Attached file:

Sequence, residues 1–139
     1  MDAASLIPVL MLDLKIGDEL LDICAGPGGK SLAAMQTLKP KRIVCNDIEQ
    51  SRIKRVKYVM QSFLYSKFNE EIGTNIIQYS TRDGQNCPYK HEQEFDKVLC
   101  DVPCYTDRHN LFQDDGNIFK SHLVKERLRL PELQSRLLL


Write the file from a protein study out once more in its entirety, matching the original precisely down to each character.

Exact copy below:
Sequence, residues 1–139
     1  MDAASLIPVL MLDLKIGDEL LDICAGPGGK SLAAMQTLKP KRIVCNDIEQ
    51  SRIKRVKYVM QSFLYSKFNE EIGTNIIQYS TRDGQNCPYK HEQEFDKVLC
   101  DVPCYTDRHN LFQDDGNIFK SHLVKERLRL PELQSRLLL